And it will be the last game for 17-year veteran Lewis, Baltimore's emotional leader and this postseason's top tackler with 44 so far.


"This is our time," Lewis pronounced.


He appeared to be on the verge of tears before and after helping Baltimore become the only team in 68 tries to overcome a halftime deficit against Patriots quarterback Tom Brady in Foxborough, Mass.


The NFC West champion 49ers (13-4-1) open as 5-point favorites, seeking a record-tying sixth Super Bowl title but first since 1995. The franchise of Hall of Fame quarterbacks Joe Montana and Steve Young is 5-0 in Super Bowls.


The AFC South champion Ravens (13-6) are headed to their second Super Bowl; Lewis was the MVP when Baltimore beat the New York Giants in 2001.


With Kaepernick's terrific passing — he was 16 of 21 for 233 yards and a touchdown in only his ninth career NFL start — and two TD runs by Frank Gore, San Francisco erased a 17-point deficit to beat the Atlanta Falcons 28-24 Sunday.


Baltimore then fashioned a comeback of its own by scoring the last 21 points to defeat the New England Patriots 28-13, thanks in large part to Flacco's three second-half touchdown tosses, two to Anquan Boldin.


In the often risk-averse NFL, each Harbaugh made a critical change late in the regular season in a bid to boost his team's postseason chances. Clearly, both moves worked.


After 49ers quarterback Alex Smith, the starter in last season's overtime NFC title game loss to the New York Giants, got a concussion, Jim switched to Kaepernick for Week 11 — and never switched back. Now San Francisco has its first three-game winning streak of the season, at precisely the right time.


Baltimore, meanwhile, was in the midst of a three-game losing streak when John fired offensive coordinator Cam Cameron and promoted quarterbacks coach Jim Caldwell to replace him.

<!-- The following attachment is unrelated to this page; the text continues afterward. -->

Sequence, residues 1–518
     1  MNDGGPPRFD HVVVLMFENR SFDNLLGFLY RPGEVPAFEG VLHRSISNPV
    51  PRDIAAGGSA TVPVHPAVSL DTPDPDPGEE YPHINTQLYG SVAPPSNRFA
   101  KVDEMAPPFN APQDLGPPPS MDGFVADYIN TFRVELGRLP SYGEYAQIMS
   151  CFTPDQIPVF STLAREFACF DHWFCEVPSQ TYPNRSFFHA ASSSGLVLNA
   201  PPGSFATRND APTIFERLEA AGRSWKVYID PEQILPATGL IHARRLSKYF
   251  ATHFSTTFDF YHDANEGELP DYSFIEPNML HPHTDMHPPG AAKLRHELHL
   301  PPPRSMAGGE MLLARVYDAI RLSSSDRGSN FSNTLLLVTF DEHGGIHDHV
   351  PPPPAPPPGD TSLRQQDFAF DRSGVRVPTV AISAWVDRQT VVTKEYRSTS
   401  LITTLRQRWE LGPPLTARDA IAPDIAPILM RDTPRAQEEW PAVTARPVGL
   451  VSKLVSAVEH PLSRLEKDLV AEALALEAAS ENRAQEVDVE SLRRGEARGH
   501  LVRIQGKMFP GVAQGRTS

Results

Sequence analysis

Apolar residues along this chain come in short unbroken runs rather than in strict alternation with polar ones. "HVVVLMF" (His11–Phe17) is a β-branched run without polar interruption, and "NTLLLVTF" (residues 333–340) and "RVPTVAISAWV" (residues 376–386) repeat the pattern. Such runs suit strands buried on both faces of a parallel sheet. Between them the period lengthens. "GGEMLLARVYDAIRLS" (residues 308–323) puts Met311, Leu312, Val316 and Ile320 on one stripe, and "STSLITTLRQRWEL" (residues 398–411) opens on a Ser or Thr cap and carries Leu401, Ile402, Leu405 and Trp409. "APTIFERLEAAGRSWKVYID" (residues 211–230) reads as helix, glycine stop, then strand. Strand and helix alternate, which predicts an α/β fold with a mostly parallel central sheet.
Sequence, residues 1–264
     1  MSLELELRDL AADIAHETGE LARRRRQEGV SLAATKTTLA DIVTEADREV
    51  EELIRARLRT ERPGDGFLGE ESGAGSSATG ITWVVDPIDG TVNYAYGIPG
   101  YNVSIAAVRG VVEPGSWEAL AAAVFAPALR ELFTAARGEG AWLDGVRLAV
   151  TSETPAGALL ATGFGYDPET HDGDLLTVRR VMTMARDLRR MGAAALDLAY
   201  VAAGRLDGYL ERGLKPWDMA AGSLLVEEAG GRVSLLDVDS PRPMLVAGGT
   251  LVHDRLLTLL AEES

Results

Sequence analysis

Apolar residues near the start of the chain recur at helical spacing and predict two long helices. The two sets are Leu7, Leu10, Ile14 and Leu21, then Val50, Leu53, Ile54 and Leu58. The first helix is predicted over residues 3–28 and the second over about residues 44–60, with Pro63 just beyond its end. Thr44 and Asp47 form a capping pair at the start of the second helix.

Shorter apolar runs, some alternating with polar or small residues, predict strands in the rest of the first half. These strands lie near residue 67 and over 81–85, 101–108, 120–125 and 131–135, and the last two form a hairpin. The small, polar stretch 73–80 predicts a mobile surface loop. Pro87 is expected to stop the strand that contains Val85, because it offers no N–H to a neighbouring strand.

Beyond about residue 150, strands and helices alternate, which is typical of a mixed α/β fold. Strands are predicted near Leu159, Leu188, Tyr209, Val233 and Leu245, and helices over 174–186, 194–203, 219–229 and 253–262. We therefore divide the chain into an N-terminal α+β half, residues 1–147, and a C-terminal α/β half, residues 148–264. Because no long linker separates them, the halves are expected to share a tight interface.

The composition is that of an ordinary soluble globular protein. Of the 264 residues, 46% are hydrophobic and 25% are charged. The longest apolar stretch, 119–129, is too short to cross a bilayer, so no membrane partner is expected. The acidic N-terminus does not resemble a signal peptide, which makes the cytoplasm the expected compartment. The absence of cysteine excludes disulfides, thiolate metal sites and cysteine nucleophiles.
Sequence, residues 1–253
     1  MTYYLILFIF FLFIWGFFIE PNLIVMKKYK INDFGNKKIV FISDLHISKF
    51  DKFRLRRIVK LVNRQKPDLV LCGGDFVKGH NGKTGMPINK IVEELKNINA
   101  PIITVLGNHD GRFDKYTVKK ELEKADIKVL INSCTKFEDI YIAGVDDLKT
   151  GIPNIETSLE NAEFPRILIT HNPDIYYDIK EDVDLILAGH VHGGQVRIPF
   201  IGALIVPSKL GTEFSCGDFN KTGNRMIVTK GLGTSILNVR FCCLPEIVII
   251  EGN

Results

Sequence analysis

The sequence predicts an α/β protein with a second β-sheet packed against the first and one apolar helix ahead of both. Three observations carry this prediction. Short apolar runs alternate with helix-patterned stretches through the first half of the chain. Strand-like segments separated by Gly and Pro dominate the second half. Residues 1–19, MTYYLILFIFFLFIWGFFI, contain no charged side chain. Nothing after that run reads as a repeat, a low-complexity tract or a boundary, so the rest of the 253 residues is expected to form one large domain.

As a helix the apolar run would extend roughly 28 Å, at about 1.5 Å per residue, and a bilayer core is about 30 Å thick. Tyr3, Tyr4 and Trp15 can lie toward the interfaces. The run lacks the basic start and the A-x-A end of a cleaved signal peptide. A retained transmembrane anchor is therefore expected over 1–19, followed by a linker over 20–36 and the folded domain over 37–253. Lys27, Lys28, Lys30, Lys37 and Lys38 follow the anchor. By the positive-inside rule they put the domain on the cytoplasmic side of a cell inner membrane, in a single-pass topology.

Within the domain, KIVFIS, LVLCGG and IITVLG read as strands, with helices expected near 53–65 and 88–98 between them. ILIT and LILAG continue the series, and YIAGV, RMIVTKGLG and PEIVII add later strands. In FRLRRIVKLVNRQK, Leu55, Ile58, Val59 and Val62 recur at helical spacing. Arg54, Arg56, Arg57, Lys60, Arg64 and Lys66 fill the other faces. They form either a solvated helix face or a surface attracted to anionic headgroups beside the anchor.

The 50-year-old John is 15 months older than Jim and generally the less demonstrative of the pair, although John certainly did not lack intensity while making his case with officials a couple of times Sunday.


The ever-excitable Jim — who was treated for an irregular heartbeat in November — was up to his usual sideline antics in Atlanta.


He spun around and sent his headset flying when the original call stood after he threw his red challenge flag on a catch by the Falcons. He hopped and yelled at his defense to get off the field after their key fourth-down stop with less than 1½ minutes left. He made an emphatic-as-can-be timeout signal with 13 seconds remaining.


Expect CBS to fill plenty of time during its Super Bowl broadcast with shots of Jim, that trademark red pen dangling in front of his chest, and John, who usually wears a black Ravens hat. Yes, that is sure to be a focal point, until they meet for a postgame handshake.


___


Follow Howard Fendrich on Twitter at http://twitter.com/HowardFendrich


___


AP sports writer Janie McCauley contributed to this report from San Francisco.


___


Online: http://pro32.ap.org/poll and http://twitter.com/AP_NFL


Read More..